Recently, the Japanese Art of De-cluttering and Organizing, brought minimalism to the mainstream. Although it is not a new concept, the minimalist lifestyle is trending across the United States.
The appeal of minimalism comes from this idea that your life can be simplified, streamlined, and reduced, without sacrificing quality.
A minimalist lifestyle begins with getting really comfortable with the idea that more does not equal better. In fact, have you heard of less is more?
The pioneer architect Ludwig Meis van der Rohe probably never knew that when he said, “Less is more”, he would be influencing a lot of brilliant minds that lived after him. These three words sum up what minimalism is – concise and straight to the point.
Too many priorities means no priorities
A way to create a more efficient schedule is to de-clutter. We can only do so much. We have unlimited options, but limited resources. Clutter is the stuff that interferes with the life we want to live. It slows us down from doing the things we value most. It’s that unnecessary stuff that we entertain, but doesn’t help us get where we want to go. And it needs to be removed.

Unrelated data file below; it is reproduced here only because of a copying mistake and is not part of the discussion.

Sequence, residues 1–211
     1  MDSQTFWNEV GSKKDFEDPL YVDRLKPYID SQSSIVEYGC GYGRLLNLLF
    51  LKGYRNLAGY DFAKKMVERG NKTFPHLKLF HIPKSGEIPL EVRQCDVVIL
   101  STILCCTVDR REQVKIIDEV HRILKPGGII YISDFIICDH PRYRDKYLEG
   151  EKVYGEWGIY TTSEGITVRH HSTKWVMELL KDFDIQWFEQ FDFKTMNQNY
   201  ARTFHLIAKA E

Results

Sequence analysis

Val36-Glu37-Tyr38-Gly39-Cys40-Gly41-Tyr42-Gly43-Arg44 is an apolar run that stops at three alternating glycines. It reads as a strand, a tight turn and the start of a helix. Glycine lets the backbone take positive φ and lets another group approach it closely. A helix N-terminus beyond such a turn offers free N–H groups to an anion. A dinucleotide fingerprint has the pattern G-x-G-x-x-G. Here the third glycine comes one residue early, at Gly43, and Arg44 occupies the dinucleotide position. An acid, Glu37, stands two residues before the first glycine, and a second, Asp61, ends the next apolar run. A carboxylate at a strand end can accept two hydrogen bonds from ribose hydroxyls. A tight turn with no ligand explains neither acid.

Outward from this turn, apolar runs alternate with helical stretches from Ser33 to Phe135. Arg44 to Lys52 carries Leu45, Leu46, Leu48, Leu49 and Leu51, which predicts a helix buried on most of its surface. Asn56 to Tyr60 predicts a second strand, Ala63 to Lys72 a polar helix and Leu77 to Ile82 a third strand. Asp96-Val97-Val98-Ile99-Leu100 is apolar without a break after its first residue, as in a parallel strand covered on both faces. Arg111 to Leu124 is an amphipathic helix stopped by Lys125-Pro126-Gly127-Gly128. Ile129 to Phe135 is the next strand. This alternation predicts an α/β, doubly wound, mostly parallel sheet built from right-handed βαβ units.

It’s crucial to determine what’s the most important thing to get your priorities straight. There are many reasons why writing MITs down the night before is a good idea. For a start, it’s a great time to assess what you have achieved in the previous 24 hours, so you know what you want to achieve in the next 24 hours. Writing your tasks down the night before help you wake up the next morning being prepared, which means you are less likely to procrastinate and more motivated to start on your task list.
When everything is well organized, it means less time looking for things. There is no one way to organize, but whatever system you choose must make sense to you. Remember the goal of organization is to find things without wasting time. The most important part of organization is to make it a habit. For example, sort emails as you receive it. Delete unwanted or unnecessary files. Organize in the morning before starting the day, or at the end of the day, to plan for tomorrow. Daily organization can take as little as five minutes and still be effective.